leaf@lisbeth $ git status
On branch dev
Your branch is ahead of 'origin/dev' by 108 commits.
  (use "git push" to publish your local commits)
nothing to commit, working tree clean

At this point, you local copy is fully committed, you have merged upstread, and the only thing left to do is to bring the Github fork up-to-date with everything else. You do that by pushing to it in the usual way.

leaf@lisbeth $ git push
Counting objects: 855, done.
Delta compression using up to 12 threads.
Compressing objects: 100% (300/300), done.
Writing objects: 100% (855/855), 136.38 KiB | 0 bytes/s, done.
Total 855 (delta 395), reused 801 (delta 343)
remote: Resolving deltas: 100% (395/395), completed with 56 local objects.
   ac89d89..f7a0d81  dev -> dev

Nota Bene: This push will automatically update any pull requests from your fork→rchain/rchain. In my case, if I have a pull request open from nashef/rchain→rchain/rchain, then the pull request will now contain the differences between the upstream and forked branches.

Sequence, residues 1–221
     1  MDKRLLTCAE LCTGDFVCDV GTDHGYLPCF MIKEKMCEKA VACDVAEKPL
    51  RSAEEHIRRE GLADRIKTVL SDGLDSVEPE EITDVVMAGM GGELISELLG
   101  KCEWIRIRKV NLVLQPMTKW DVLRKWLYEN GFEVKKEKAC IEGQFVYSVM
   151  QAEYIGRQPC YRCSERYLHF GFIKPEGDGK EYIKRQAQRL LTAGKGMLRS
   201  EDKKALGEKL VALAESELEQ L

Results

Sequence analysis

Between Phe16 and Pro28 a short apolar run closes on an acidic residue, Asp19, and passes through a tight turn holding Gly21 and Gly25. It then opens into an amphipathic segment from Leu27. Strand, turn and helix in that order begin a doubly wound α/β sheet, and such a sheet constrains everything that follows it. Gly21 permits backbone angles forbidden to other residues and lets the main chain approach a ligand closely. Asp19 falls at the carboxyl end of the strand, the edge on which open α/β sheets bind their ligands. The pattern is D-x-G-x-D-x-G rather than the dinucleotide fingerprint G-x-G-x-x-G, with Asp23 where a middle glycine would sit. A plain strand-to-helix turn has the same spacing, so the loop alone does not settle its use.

This process is usually simpler and more reliable than a rebase. You can try a rebase, but it is tricky to get right. If you do it incorrectly, you can change the attribution of large amounts of code, which is deeply undesirable. I know many developers use rebase all the time, but in all my years of experience with git, I haven't had to do it more than a handful of times.

Forking as it relates to releases

The basic approach to forking extends to how we prepare for and release software. Below is a high-level view of the process taken from The SRE team supports the merge from dev to release branches and master, and hotfixes as needed.

  • Release branch is cut from Dev at feature complete for the release *(Note, features that are not ready, will be de-scoped from release)
    • Test release branch & bug fix if needed
    • Bug fixes will require 2 Pull Requests
      • 1 to the release branch
      • 1 to dev branch
  • Push release to Master
  • Tag release in Master
  • Release from Master